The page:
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News, Management

240 medical graduates will not be offered a state or territory position

16/10/2014
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The Australian Medical Students' Association has obtained figures showing that 240 medical graduates will not be able to become practitioners in the Australian community.

The National Medical Intern Data Management Working Group has completed an audit of offers, and concluded that approximately 240 Australian graduates will not be offered a state or territory position.

AMSA president, Ms Jessica Dean, said that AMSA is "very disappointed" that such a large number of graduates from Australian medical schools will be unable to practise in Australia.

"As regions of Australia continue to suffer from doctor shortages, it is nonsensical to be wasting another cohort of medical graduates," Ms Dean said.

"Completing an internship is an essential process for a graduate to work as a doctor in Australia. If the federal government is serious about correcting the ongoing doctor shortage, it makes sense to completely utilise the graduating Australian workforce.

"Those students have spent up to six years immersed in Australian culture, learning our diseases, and training in our healthcare system. They are perfectly suited to serve Australia. They just need to be given a chance."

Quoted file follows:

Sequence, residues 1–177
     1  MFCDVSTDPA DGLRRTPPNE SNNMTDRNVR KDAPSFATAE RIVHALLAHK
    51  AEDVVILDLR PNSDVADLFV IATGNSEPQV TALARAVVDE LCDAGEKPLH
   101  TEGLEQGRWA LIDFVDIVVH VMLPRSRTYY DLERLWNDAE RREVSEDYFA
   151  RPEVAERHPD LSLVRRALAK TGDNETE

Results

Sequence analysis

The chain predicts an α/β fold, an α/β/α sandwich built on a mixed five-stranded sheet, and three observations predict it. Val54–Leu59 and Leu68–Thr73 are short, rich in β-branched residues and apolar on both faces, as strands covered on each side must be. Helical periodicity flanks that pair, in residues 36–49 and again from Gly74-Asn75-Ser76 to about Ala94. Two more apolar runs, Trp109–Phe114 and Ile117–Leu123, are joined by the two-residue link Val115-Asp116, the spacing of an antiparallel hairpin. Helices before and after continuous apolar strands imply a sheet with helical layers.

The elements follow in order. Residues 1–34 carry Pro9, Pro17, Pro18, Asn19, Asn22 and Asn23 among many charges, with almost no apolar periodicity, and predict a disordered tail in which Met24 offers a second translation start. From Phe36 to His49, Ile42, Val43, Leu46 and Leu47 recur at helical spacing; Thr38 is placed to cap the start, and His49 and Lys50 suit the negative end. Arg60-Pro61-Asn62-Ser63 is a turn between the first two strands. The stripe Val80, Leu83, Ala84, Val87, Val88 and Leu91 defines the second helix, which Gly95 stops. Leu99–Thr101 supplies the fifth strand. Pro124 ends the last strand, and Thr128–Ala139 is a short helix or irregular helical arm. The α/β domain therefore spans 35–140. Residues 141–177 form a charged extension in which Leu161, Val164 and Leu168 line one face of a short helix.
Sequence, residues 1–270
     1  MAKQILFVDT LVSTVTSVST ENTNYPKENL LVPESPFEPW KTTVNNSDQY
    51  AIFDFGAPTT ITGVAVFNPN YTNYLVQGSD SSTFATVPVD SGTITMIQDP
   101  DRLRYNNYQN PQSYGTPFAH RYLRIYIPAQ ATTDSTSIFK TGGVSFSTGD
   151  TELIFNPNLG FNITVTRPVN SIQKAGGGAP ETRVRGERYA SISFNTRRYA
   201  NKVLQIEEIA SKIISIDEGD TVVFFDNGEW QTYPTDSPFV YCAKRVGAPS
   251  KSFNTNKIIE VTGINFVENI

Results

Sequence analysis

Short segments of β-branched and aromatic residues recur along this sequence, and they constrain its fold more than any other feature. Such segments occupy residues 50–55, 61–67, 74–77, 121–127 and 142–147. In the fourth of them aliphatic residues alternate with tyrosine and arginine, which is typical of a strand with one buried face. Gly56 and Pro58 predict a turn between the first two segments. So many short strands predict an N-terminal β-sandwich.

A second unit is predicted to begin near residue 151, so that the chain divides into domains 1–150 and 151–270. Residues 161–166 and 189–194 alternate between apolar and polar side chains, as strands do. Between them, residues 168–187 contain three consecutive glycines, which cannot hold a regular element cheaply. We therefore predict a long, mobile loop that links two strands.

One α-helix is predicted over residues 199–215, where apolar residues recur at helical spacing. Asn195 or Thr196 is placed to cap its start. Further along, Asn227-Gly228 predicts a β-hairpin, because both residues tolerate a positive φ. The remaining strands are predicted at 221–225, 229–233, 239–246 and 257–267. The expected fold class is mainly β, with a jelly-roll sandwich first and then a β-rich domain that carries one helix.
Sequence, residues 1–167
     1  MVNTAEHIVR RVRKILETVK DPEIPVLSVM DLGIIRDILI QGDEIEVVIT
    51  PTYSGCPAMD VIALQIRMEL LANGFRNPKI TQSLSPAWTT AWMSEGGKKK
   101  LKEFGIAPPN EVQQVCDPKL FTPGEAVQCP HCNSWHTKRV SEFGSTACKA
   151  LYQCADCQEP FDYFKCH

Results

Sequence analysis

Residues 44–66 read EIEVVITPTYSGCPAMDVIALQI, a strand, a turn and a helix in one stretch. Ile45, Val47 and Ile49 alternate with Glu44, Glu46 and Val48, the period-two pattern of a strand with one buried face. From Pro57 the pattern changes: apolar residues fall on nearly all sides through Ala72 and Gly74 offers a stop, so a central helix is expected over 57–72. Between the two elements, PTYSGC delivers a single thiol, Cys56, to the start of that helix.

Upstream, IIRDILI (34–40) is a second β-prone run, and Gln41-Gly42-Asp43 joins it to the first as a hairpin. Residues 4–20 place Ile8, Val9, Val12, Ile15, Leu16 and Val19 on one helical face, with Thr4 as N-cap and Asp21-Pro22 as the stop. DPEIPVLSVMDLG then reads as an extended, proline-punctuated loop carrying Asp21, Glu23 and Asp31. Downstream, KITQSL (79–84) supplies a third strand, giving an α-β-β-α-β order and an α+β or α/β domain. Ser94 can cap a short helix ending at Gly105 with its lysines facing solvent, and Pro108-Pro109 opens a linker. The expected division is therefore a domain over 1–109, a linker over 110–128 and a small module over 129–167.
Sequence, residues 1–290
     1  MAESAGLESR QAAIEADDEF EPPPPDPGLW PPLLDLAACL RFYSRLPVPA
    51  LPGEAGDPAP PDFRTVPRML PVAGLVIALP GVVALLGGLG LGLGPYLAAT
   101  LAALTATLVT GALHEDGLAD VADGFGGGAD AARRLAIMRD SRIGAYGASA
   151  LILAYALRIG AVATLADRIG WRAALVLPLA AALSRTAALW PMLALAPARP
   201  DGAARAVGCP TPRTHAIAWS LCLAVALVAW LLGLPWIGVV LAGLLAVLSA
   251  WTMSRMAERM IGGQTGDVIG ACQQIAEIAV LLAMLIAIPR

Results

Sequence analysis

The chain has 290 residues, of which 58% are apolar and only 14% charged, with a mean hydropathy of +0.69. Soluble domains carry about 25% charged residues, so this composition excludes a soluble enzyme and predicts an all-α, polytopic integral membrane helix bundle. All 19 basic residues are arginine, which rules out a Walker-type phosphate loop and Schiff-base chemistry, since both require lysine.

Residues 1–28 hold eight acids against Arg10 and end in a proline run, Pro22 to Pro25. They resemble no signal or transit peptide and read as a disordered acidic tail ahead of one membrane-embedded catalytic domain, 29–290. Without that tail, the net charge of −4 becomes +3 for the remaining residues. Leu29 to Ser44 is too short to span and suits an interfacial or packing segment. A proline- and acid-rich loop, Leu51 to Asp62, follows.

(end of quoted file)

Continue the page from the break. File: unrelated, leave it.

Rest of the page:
The shortfall is yet to be finalised. The Commonwealth Medical Initiative is yet to offer positions for the 2015 intake. That program was developed for international-born Australian graduates to complete an internship in Australia. While the initiative promised 'up to 100' places, AMSA was disappointed that only 76 were offered last year.

"The CMI initiative is a welcome addition to the medical training landscape. However, the addition of 76 places may still leave over 160 medical graduates who will be forced to take their skills overseas," Ms Dean said.

"Last year, the CMI initiative was oversubscribed with 183 applicants for 76 positions. Those graduates not only want to work in Australia, they are even happy to relocate to work in areas of need, especially rural and regional Australia. Isn't that the answer we are looking for?"By failing to facilitate training opportunities, Australia is allowing itself to become a victim of brain drain.

"Refusing to train local graduates and then filling the deficit with overseas-trained doctors is remarkably myopic.

"AMSA is calling on the federal government to invest in the future of health care and provide Australia with the health care system it needs," Ms Dean said.

AFT Pharmaceuticals
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